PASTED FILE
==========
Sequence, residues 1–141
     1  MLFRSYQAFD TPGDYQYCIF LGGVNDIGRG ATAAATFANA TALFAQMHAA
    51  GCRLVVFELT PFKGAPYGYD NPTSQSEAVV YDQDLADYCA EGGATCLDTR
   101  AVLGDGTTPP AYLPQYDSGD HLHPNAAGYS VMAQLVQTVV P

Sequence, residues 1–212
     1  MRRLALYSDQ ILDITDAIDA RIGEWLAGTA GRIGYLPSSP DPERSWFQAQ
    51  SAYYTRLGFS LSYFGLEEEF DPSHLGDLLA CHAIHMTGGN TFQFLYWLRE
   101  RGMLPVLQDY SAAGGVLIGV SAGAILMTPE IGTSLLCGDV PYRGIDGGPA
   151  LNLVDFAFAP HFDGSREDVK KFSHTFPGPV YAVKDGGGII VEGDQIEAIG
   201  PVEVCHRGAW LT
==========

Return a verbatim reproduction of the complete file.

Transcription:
Sequence, residues 1–141
     1  MLFRSYQAFD TPGDYQYCIF LGGVNDIGRG ATAAATFANA TALFAQMHAA
    51  GCRLVVFELT PFKGAPYGYD NPTSQSEAVV YDQDLADYCA EGGATCLDTR
   101  AVLGDGTTPP AYLPQYDSGD HLHPNAAGYS VMAQLVQTVV P

Sequence, residues 1–212
     1  MRRLALYSDQ ILDITDAIDA RIGEWLAGTA GRIGYLPSSP DPERSWFQAQ
    51  SAYYTRLGFS LSYFGLEEEF DPSHLGDLLA CHAIHMTGGN TFQFLYWLRE
   101  RGMLPVLQDY SAAGGVLIGV SAGAILMTPE IGTSLLCGDV PYRGIDGGPA
   151  LNLVDFAFAP HFDGSREDVK KFSHTFPGPV YAVKDGGGII VEGDQIEAIG
   201  PVEVCHRGAW LT